By the time you reach this stage of negotiation with your wife, her perspective on how you should have sex with each other will help you understand why it's been difficult for you to make love as often as you want. Even if she doesn't answer the questions precisely the way I've characterized, I think you will be able to demonstrate my point that sex is a singular "act" for you and a much larger "event" for your wife.

With such a wide difference in perspective, how can a husband and wife be expected to reach an enthusiastic agreement regarding sexual frequency? Having sex his way makes her feel like a receptacle -- something he uses to merely relieve his sexual craving. Having sex her way makes him feel that she is imposing conditions that makes the frequent sex he needs essentially impossible for him.

At the risk of being annoyingly redundant, bear in mind that I know that both husbands and wives look for sexual release and intimacy when they make love. In fact, there are some men who crave intimacy more than their wives, and some wives who crave sexual release more than their husbands. But I think it's useful to know that there is usually a significant difference between husbands and wives regarding the primary purpose of sex, and how sex should be expressed. Once that difference is understood, you're in a position to find a way to increase sexual frequency with mutual enthusiastic agreement.

How can we make love more often?

The approach I usually take in helping couples increase sexual frequency is to turn sexual acts into frequent sexual events.

In my book, His Needs, Her Needs, I begin my chapter on affection with the observation that when a man creates an environment of affection (affection throughout the day), he creates the conditions that makes sex an event for her. Technically, intimate conversation should also be included in this observation. If his ongoing affection and conversation helps her feel bonded to him emotionally, sex adds an important dimension to her feeling of intimacy.

An assignment that I have often given couples who struggle with the issue of sexual frequency is for them to engage in three hours of affection and intimate conversation before having sex. Most men feel at first that it's too much work just to have sex. But after they get the hang of it, they find that it's much easier than they thought it would be. Furthermore, it's part of his responsibility as a husband to meet her most important emotional needs, and an essential way to maintain her love for him.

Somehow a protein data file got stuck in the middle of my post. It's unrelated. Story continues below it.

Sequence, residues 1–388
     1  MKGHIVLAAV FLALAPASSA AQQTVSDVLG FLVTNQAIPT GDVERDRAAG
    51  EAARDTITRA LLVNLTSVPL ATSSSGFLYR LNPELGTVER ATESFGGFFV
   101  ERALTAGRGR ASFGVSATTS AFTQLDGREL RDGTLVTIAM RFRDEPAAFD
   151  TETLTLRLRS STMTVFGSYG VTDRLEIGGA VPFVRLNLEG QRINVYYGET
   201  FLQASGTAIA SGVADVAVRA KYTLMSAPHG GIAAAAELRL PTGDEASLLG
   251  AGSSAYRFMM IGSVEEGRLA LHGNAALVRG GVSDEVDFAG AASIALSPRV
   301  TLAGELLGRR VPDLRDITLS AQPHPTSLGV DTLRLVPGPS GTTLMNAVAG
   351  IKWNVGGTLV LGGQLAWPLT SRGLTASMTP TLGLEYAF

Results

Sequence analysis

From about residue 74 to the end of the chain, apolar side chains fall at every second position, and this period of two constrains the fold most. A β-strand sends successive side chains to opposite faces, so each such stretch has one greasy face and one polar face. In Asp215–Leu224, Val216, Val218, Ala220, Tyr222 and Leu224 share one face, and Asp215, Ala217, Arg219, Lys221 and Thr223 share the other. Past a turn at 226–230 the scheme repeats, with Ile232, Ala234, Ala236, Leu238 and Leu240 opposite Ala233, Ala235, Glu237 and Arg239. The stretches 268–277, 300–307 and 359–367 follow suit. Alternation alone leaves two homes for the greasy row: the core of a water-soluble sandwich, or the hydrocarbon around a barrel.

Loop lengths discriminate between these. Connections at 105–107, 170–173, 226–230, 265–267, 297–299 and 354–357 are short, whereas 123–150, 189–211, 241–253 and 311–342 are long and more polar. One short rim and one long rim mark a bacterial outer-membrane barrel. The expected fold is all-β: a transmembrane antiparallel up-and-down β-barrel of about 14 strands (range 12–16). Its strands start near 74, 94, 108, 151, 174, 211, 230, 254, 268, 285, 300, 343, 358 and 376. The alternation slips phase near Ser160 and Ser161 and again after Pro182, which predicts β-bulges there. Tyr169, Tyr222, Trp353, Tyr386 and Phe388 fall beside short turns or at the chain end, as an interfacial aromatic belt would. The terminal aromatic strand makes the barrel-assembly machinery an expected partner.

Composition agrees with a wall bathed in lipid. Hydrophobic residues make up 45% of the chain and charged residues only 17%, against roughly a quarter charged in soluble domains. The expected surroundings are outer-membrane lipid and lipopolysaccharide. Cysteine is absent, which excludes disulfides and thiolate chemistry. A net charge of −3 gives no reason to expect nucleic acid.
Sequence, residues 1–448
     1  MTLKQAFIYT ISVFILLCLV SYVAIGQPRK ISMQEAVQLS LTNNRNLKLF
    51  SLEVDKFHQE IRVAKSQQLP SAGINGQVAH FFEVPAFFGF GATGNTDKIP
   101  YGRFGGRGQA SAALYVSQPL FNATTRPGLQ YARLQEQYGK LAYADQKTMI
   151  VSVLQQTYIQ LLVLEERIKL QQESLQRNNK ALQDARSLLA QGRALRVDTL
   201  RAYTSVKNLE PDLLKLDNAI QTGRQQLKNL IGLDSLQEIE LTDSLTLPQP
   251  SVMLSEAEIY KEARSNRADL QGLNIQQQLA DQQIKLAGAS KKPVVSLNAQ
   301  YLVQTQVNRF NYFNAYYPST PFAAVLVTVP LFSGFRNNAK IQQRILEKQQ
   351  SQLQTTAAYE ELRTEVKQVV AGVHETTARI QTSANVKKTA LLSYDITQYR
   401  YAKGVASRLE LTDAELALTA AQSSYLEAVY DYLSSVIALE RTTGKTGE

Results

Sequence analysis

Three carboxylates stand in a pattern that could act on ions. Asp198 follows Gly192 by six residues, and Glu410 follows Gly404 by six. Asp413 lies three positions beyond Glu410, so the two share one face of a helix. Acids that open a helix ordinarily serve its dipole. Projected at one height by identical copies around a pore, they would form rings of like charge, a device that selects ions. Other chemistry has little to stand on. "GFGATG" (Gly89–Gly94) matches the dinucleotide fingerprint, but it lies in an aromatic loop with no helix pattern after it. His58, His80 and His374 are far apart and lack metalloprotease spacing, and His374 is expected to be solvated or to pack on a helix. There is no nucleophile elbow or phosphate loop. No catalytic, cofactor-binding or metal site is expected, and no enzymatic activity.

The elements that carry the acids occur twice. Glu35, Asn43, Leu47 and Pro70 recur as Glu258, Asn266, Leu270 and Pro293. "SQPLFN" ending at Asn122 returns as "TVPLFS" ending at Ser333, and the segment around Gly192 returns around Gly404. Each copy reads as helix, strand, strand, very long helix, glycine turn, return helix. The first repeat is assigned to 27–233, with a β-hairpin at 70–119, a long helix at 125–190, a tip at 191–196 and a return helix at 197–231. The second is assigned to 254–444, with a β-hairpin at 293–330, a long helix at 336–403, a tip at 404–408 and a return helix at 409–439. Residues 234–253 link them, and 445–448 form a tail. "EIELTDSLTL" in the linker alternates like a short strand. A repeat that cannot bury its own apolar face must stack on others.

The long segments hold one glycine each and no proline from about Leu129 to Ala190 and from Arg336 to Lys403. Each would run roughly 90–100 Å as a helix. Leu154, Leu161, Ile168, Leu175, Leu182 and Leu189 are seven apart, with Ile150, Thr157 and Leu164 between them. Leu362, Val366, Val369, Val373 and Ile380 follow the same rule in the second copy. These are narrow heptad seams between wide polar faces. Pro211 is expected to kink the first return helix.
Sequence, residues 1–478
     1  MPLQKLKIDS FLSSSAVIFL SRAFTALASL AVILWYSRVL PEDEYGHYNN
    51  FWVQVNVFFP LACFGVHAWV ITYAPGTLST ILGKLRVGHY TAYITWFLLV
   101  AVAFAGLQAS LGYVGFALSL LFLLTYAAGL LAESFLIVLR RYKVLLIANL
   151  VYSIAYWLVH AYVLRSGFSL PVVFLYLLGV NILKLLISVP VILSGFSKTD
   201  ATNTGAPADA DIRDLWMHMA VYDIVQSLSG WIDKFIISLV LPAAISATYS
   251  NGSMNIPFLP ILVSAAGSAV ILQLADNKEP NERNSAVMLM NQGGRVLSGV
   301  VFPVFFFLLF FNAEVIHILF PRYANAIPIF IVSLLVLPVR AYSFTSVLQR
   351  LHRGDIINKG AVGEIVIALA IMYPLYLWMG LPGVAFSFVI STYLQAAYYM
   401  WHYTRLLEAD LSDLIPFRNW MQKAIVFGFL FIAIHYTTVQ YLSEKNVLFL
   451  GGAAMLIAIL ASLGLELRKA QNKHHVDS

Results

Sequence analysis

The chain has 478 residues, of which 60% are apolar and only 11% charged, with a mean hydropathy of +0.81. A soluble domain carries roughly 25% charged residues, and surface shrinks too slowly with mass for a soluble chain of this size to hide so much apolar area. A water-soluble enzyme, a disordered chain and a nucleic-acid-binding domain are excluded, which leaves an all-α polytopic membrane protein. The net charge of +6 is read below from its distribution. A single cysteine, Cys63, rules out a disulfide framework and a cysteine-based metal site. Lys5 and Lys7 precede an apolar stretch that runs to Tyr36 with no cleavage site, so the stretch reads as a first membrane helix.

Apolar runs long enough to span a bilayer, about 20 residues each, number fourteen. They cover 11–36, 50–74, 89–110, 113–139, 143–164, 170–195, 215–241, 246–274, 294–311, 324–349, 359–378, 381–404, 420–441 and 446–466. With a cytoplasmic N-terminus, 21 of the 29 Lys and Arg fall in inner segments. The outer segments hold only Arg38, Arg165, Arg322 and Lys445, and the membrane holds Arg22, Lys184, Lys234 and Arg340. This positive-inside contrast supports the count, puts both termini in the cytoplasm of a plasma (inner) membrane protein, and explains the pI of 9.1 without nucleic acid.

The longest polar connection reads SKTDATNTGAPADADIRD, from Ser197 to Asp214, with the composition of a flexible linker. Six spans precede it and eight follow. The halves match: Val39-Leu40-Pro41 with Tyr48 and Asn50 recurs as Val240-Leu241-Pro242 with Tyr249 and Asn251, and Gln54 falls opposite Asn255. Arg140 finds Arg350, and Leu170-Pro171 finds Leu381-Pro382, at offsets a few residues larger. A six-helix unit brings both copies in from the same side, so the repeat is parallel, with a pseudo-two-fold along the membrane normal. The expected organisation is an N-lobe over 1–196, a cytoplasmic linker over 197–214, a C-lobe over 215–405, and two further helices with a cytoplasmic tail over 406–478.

When a husband meets his wife's needs for affection and intimate conversation, she finds it much easier to meet his need for sexual fulfillment. Of course, the converse is also true. The more she meets his need for sexual fulfillment, the easier it is for him to meet her emotional needs for affection and intimate conversation.

I have created a rule that's designed to help couples meet each other's most important emotional needs. I call it the Policy of Undivided Attention: Give your spouse your undivided attention a minimum of 15 hours each week using the time to meet each other's emotional needs for affection, intimate conversation, sexual fulfillment and recreational companionship. This rule helps turn a sexual act into a sexual event. As a result, couples who follow this policy are able to increase their frequency of lovemaking with enthusiastic agreement. They plan a four-hour date four times a week where all four emotional needs are met on each date.

Special Problems

For some couples, that assignment doesn't work at first because the wife has developed an aversion to sex. In the beginning of their marriage, his view of sex overruled her view, and so he forced her to have sex with him on his terms. Complying with his demands, she associated sex with an emotionally and physically painful experience. Eventually, sex became the last thing she wanted to do with her husband.

In those cases, I have helped a wife overcome her sexual aversion before encouraging her to have sex with her husbands (see "How to Overcome Sexual Aversion"). After the aversion is overcome, I have asked her to teach her husband how to make love her way. Affection and intimate conversation usually provide the environment, followed by a personally satisfying sequence of touching that helps create sexual arousal for her. She also discovers positions and movements that create the most intense pleasure for her. After her husband learns how to make love to her in a way that is sexually enjoyable for her, she is in a position to negotiate with him about having sex more often.

Another problem faced by couples trying to increase sexual frequency is their tendency to fight. A point often made by wives is that the time taken for affection and conversation can be ruined by an argument. It's the opposite of affection and intimate conversation. While that sounds logical to most women, men often don't seem to get it. They expect their wives to be sexually receptive regardless of what went on before because they would feel that way. An argument doesn't necessarily lower a man's sex drive, but it certainly creates enough emotional distance for a woman to crush her desire for a bonding experience. I've been writing for years that arguing in marriage should be avoided at all costs. But that's especially true if you want to make love more often.

Every marriage is unique, so some of what I've said may not apply to you. But if one of you wants sex more often, I'd begin by discussing why and how you should have sex. That revelation should help you discover ways to increase sexual frequency with enthusiastic agreement.

I want you to have what you need in your marriage. Understanding and respecting each others perspectives on any topic is the fastest way to achieve it.

"It is not the critic who counts; not the man who points out how the strong man stumbles, or where the doer of deeds could have done them better. The credit belongs to the man who is actually in the arena.." Theodore Roosevelt

Exposure 101